Kelley, Maureen C., “An Objection to Conscientious Objection: Conscience on Trial,” Responses to the War by Philosophy Majors, Newsletter of the Concerned Philosophers for Peace, Vol. 11, No. 1 (Spring 1991).
Tragically, it has taken the violent overtures of the Gulf War to bring important issues of peace to the public attention. Of particular concern to students was the threat of a renewed draft, and with these worries of conscription came pleas of conscientious objection. As an undergraduate, I found myself questioning not the merit of conscientious objection per se, but rather, the legal system by which conscientious objector status must be obtained.
I was at first concerned with the limiting definition of pacifism inherent in requirements for conscientious objectors. Federal law defines conscientious objectors as those who object to participating in war in any form. The meaning of ‘any form’ remains ambiguous. Does it refer to forms of participation, or to types of warfare? Given that the federal government has created a second category for those who object to war, but who do not object to performing noncombatant duties in the armed forces, it has been commonly accepted that ‘form’ refers to violent combat. Those seeking status as conscientious objectors then, must refuse to serve in any combatant role.
Accepting Duane Cady’s notion of the ‘pacifist continuum,’ this narrowed definition restricts objector status to the most extreme forms of pacifism. Individuals must espouse, at the very least, non-lethal force pacifism. Federal law does not recognize nuclear, or ecological pacifists, and it certainly does not recognize selective objectors, or persons whose consciences permit them to participate only in “just” wars. In fact, all consequentialist forms of pacifism are ruled out on the grounds that such views are deemed ‘inconsistent’ or ‘insincere,’ as compared to the deontic, or ‘principled’ forms of pacifism. In practice, most federal boards cater only to absolute pacifists, welcoming the Mennonites and Quakers, while shunning those who may find the use of force justified in limited cases. As a result, federal law has been allowed to demarcate the parameters of pacifism.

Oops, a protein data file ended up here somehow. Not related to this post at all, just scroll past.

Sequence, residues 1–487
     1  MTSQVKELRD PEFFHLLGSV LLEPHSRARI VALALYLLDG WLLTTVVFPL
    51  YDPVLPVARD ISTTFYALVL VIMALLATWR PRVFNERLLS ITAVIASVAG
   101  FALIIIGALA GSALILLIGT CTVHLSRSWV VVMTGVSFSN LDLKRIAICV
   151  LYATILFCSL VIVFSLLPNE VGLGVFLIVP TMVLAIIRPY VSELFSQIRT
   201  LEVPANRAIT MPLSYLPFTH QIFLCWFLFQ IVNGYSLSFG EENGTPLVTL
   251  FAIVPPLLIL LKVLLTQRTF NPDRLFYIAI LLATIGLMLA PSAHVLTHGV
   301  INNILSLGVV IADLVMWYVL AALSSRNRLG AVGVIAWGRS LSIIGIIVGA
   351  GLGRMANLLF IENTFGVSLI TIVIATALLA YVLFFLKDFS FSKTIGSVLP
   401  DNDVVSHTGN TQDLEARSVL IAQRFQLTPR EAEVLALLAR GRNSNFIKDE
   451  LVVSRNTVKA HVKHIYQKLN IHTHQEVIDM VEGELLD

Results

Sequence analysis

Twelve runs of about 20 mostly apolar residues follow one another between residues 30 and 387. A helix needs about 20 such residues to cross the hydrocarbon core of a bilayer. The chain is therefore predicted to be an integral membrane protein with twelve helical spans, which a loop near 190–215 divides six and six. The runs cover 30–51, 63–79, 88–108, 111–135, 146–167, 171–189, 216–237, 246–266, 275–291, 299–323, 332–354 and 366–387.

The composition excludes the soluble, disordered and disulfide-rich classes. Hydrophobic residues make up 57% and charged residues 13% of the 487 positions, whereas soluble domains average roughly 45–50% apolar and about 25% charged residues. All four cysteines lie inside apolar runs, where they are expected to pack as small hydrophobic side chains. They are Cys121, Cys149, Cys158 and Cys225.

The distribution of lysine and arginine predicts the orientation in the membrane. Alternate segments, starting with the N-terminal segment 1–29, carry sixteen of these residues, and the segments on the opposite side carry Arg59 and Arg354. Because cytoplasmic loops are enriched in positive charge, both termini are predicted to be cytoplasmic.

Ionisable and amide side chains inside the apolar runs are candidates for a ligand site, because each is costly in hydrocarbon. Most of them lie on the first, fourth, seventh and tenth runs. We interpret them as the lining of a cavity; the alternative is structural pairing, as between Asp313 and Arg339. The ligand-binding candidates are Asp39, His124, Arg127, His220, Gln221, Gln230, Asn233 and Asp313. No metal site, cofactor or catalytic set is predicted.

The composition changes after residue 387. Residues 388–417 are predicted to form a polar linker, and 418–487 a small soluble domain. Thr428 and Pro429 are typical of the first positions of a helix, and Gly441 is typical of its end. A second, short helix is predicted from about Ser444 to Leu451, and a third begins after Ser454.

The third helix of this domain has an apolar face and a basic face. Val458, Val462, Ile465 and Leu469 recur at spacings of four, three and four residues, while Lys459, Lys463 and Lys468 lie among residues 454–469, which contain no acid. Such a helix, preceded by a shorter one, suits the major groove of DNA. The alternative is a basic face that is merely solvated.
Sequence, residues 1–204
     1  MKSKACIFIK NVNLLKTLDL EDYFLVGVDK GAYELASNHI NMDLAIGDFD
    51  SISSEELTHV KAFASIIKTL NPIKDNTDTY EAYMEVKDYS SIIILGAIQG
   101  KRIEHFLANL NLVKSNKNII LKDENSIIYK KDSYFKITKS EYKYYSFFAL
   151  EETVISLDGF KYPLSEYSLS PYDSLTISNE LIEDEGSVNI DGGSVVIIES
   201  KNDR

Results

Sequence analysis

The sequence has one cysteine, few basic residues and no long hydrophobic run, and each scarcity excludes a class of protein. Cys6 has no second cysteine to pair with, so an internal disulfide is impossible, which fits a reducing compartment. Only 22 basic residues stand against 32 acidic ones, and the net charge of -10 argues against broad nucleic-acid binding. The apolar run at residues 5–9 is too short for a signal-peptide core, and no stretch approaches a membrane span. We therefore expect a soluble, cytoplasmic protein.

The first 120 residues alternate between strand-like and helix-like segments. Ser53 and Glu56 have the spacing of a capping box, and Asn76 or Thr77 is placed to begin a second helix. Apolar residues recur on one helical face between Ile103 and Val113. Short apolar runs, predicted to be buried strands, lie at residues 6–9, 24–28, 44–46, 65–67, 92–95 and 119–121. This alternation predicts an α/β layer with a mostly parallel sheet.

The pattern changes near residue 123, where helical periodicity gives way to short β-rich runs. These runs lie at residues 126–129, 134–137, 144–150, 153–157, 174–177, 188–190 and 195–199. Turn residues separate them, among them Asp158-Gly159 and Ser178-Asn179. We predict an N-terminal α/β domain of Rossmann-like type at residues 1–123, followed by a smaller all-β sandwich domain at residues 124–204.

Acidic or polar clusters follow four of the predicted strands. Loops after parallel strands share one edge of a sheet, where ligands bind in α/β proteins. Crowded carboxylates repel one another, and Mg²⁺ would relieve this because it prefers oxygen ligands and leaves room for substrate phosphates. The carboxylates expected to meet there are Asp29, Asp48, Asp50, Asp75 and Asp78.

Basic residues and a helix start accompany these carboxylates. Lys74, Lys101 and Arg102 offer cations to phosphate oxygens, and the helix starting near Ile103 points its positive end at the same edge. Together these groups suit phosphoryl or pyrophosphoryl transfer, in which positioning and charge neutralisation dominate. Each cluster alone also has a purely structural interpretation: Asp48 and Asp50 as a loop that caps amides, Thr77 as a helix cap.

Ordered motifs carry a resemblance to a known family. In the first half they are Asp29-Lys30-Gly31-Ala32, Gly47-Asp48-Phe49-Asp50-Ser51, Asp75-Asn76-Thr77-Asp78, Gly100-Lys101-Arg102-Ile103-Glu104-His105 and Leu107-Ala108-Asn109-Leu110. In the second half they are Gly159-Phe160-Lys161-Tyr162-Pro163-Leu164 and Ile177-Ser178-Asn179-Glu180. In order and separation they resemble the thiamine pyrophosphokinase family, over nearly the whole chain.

Unfortunately, government authorities have not stopped at the boundaries of pacifism, but have ventured to measure the ‘sincerity’ of pacifist claims as well. A registrant’s opposition to war must be unequivocal in the eyes of the board members, in order to achieve objector status. Several problems arise with such a measurement. First, the forum in which the sincerity of claim is determined is essentially a legal court. And while courts of law are commonly known to be decisive in matters of fact, they are infrequently known to be competent in probing matters of conscience. A vigorous cross-examination can bring out the most stubbornly held facts, but can rarely shed light on a person’s deepest convictions. In such cases, the person seeking conscientious objector status may be severely hampered by verbal limitations and thus subjected to arbitrary criteria. As one court stated, “the best evidence [on a registrant’s sincerity] may well be, not his statements or those of other witnesses, but his credibility and demeanor, in a personal appearance.” A registrant’s claim may thus be rejected if he or she gives evasive answers or appears anxious. Such an examination may reveal that the individual is inarticulate, confused, or nervous; none of which are grounds for proving insincerity.
The objectivity of the judges may also be called into question. Board members have been referred to as, “community influentials,” “extensions of the local control structure,” and “managers of the national government’s function.” In all cases, they are agents of the state, employed to protect the interests of government and subsequently, entrusted with the rights of registrants. A survey conducted during Vietnam, found that the majority of board members were ‘never active’ in politics, and two-thirds surveyed held some form of public office during their lives. Members are not typically known for holding unorthodox beliefs or divergent views, but rather for embracing a traditional system of values and ideas. That traditional set of values may very well be one which condones the act of war in the name of ‘national duty,’ and sheds disfavorable light on anyone who shrugs such a ‘duty.’
As indicated by these procedural and structural shortcomings, the system through which conscientious objector status is obtained merits serious reevaluation. In the most extreme judgment, it seems only to be a governmental artifice, designed for the purpose of thwarting those who seek its refuge. Perhaps then, we should be wary of seeking refuge from violence with those who have been the historical perpetrators of violence. As ultimately, it is not the private conscience which should bear the onus of proof, but the act of war.
Maureen C. Kelly is a senior philosophy major at the University of North Carolina at Charlotte.